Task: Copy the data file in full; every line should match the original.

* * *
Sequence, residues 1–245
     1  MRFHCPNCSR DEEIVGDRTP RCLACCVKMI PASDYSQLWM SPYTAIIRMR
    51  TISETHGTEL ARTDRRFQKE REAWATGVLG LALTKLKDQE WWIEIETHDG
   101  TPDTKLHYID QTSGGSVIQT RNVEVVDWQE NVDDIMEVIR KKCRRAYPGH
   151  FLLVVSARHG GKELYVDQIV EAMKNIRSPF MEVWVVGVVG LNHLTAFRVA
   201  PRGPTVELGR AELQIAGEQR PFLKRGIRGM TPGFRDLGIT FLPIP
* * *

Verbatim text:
Sequence, residues 1–245
     1  MRFHCPNCSR DEEIVGDRTP RCLACCVKMI PASDYSQLWM SPYTAIIRMR
    51  TISETHGTEL ARTDRRFQKE REAWATGVLG LALTKLKDQE WWIEIETHDG
   101  TPDTKLHYID QTSGGSVIQT RNVEVVDWQE NVDDIMEVIR KKCRRAYPGH
   151  FLLVVSARHG GKELYVDQIV EAMKNIRSPF MEVWVVGVVG LNHLTAFRVA
   201  PRGPTVELGR AELQIAGEQR PFLKRGIRGM TPGFRDLGIT FLPIP